The large basin before you is all that remains of a prehistoric sea. One of the largest undisturbed alkali wetlands in the state, the 3,000 acre lake provides important habitat for migratory birds. With no outlet, the water evaporates, leaving behind a glistening expanse of sodium sulfate and carbonate salts that appear to ripple and sway in the heat waves of summer.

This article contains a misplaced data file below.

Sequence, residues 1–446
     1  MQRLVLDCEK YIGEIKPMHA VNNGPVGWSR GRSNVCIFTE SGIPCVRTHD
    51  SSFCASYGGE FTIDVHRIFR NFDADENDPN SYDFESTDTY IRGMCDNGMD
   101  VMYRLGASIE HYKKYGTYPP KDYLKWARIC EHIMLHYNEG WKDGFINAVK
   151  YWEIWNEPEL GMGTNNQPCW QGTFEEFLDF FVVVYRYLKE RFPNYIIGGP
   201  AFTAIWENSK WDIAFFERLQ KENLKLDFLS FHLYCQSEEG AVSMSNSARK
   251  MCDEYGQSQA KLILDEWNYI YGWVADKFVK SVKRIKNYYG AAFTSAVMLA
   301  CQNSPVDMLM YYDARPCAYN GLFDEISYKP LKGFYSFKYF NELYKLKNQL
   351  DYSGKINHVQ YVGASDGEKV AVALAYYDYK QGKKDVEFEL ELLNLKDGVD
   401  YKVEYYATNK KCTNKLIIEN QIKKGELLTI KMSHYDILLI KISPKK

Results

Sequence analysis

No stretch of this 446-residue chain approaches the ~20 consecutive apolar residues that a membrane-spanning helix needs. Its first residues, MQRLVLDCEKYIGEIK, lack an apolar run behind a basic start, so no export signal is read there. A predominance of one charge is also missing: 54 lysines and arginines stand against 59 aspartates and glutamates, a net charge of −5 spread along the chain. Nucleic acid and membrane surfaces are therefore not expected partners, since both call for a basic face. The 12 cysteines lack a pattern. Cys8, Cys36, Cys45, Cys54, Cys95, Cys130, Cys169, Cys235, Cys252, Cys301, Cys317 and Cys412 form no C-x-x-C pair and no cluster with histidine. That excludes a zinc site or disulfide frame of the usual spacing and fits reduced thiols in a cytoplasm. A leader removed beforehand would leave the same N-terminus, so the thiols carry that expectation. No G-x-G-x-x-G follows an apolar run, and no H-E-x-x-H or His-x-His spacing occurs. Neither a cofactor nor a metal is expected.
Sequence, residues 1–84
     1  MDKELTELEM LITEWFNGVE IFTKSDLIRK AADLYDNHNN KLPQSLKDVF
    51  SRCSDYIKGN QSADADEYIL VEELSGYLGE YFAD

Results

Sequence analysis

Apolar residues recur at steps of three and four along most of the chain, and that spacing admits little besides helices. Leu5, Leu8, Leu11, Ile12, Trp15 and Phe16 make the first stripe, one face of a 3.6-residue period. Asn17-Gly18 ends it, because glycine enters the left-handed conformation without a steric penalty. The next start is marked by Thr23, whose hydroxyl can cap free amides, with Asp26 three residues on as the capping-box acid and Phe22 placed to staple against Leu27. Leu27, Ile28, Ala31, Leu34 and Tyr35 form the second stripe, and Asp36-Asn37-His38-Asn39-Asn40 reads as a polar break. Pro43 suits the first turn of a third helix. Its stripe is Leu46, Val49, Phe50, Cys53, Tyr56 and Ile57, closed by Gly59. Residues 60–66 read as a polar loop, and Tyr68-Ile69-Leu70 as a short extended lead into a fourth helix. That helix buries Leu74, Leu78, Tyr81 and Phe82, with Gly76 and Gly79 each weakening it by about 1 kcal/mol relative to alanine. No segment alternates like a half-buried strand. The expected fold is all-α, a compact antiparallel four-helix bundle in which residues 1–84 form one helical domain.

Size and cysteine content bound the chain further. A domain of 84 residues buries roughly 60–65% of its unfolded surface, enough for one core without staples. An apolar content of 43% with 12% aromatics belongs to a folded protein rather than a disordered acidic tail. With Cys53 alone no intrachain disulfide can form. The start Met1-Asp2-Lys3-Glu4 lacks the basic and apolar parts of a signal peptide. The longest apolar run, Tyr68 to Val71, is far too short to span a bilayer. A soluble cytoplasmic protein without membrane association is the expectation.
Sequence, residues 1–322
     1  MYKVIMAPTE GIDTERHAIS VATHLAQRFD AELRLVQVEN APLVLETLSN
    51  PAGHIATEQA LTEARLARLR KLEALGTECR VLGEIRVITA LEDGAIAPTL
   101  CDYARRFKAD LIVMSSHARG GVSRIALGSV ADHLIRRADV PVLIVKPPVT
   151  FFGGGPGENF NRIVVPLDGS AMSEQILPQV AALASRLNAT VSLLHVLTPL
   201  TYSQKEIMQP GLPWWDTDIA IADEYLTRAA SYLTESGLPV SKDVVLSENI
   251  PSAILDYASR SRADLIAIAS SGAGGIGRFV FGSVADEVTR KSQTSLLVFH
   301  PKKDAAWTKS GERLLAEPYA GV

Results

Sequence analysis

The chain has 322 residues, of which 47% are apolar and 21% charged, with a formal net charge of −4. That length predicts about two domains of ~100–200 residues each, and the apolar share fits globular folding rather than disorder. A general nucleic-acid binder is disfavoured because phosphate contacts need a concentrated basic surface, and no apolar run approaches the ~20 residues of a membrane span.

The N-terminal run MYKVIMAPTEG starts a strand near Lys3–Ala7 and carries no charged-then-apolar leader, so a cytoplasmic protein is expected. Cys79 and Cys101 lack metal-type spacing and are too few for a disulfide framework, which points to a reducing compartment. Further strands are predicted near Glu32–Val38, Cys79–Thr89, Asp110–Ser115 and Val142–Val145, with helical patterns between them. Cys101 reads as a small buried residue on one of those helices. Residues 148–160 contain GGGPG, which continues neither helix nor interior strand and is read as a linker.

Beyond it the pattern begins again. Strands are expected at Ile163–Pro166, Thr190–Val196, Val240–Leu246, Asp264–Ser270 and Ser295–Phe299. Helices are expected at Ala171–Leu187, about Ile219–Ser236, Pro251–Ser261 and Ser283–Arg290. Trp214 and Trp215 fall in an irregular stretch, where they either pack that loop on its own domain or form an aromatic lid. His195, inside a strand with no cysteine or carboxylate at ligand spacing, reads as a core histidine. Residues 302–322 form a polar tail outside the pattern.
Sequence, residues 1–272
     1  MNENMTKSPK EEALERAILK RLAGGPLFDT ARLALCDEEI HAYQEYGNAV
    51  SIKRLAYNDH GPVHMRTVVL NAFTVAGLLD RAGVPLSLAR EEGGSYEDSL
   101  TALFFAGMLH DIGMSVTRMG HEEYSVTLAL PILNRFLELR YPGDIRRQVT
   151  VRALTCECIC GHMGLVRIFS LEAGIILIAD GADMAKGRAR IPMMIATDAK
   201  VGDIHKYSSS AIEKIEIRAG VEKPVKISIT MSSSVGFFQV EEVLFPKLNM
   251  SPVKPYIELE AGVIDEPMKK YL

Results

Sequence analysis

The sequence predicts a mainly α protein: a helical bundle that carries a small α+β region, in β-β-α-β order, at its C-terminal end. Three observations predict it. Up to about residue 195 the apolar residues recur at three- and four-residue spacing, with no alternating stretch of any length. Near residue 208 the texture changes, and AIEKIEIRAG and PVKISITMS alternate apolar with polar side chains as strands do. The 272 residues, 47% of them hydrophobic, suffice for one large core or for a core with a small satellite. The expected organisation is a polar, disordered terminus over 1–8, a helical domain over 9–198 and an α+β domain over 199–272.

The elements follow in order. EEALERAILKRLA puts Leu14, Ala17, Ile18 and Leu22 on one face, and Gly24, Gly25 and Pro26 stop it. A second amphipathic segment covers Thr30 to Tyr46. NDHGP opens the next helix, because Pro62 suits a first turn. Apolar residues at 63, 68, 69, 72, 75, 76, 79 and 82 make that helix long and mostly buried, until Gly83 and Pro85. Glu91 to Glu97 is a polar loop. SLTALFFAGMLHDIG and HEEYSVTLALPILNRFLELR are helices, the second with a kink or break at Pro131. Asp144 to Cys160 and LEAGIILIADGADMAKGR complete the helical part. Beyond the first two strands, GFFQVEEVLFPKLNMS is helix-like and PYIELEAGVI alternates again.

In the 1880s, the saline deposits of Soda lake were mined for use at nearby cattle ranches as salt licks or for preserving meat. Prior to 1908, the Carrisa Chemical Company constructed a 600 ton per month capacity processing plant to recover sodium sulfate, used primarily in the production of craft paper, detergents, and glass. They also built a narrow-gauge railroad which started at the lake and ended at the base of the Temblor Mountains. Mineral production ceased in the 1950s and the railroad was removed.